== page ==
John comes to CBT because of his depression. He is a 40 year old who has recently been made redundant. He is worried about getting a job again and his redundancy has also caused tension in his marriage. When questioned about how he spends his time now, he says he gets up late, intends to look for jobs but ends up doing very little. He feels demotivated, discouraged and, at times, hopeless. He is having trouble sleeping and hints that he may be using drinking to cope with his difficulties. At times, he says, he wonders if he will ever get a job again. He sees his redundancy as meaning that he is a failure. He talks in a flat, slow monotone. As he talks, he is becoming more sad and more hopeless.
- Overcoming Low Self-Esteem (one page summary in powerpoint)
- Low self-esteem formulation sheet (Powerpoint, to download and use for your clients)
- Robson Low Self-Esteem Questionnaire Template (Excel)
- OCI - Obsessive Compulsive Inventory for OCD - Excel template
- Tim LeBon's main site
- Wise Living: Socrates Satisfied Tim LeBon's Blog
- Consultations (Psychotherapy & Supervision)
- Activity Scheduling Template
- CTS-R Resources
Sunday, 10 June 2012
How Not to do CBT - part 1
It's far from true to say that CBT is just about applying a few techniques. In fact, good CBT requires a lot of knowledge and a lot of skills, including the ability to put these all together when in the company of a client.
In this article series I will be sharing some ideas about how to do CBT - and first, how not to do CBT, with a hypothetical client, "John". Hopefully it will be useful.
How NOT to do CBT: Counsellor/Therapist A with "John"
A1: (In a very empathic tone). Good to see you again, John , how has your week been?
J1: Well, up and down.
A2: (Sits in silence, waiting for more)
J2: I still haven’t got a job. I still waste most of my time. I still think I’m a waste of space ….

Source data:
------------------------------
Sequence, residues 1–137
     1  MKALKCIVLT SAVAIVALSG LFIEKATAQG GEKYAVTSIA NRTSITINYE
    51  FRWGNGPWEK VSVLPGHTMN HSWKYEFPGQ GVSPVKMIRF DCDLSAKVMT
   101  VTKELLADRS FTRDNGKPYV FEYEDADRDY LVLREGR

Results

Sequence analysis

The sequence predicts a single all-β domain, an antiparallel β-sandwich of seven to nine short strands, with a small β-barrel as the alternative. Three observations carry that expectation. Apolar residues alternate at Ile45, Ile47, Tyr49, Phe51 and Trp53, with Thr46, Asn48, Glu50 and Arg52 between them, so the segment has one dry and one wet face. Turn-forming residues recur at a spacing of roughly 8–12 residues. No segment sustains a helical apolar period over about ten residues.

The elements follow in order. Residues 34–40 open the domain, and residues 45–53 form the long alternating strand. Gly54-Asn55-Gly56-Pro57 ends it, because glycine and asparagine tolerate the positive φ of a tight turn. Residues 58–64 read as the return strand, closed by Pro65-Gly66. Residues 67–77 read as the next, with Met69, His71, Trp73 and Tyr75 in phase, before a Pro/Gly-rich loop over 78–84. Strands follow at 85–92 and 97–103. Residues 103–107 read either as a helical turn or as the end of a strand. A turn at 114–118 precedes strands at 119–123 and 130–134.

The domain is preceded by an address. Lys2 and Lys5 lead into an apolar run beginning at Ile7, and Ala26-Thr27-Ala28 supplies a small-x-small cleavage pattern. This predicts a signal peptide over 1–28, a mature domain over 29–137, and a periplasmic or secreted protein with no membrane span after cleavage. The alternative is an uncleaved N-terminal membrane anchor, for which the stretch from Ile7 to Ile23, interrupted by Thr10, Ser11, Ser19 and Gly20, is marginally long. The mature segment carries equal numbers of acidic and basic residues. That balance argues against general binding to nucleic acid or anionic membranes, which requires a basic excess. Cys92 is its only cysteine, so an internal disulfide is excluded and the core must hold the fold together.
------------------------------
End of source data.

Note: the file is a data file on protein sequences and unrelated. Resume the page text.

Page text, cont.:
A3: Sounds like it’s been a tough week.
J3: To be honest, I’m not sure if this counselling is helping. I wasn’t sure whether to come, but my wife insisted. (Sits in silence)
A4: So you weren’t sure whether it was worth you coming or not?
J4: Well, I’m not better yet, am I?
A5: I’m really sorry that you aren’t feeling much better. What’s the main thing that’s been on your mind?
J5: I don’t see any prospects of getting work. I’m not getting any younger, the economy is getting worse. Be honest, would you employ a sick 40 year old if you could take on a healthy, cheaper 30 year old? My mate Dave said “treat it like a holiday” but I’m telling you, it’s no holiday. Or if it is, it’s a holiday from hell. My wife hardly talks to me, except to make digs at me. I just don’t see any future.
A6: (increasingly feeling engulfed in John’s depressed mood) I can see why you do feel hopeless.
A7 (Remembering they are meant to be doing CBT not general counselling) I can see it is all looking hopeless now, but sometimes when people are depressed they think in rather extreme and unhelpful ways. It’s like putting on a pair of glasses that filters out all the good things. Do you think that might be happening to you?
J6: I suppose so.
A8: So, what would it be like for us right now to try on a pair of more rose-tinted spectacles and see what your life might look like?
J7: Right, like in those self-help books – “think yourself to happiness!” (Smiles ironically). No thanks, tried that. I’m afraid with me the situation really is bleak it’s not just my thinking. Maybe I was right after all in thinking that this approach isn’t going to help me.
Can you see what is wrong with counsellor A's approach?
What tips would you give him or her?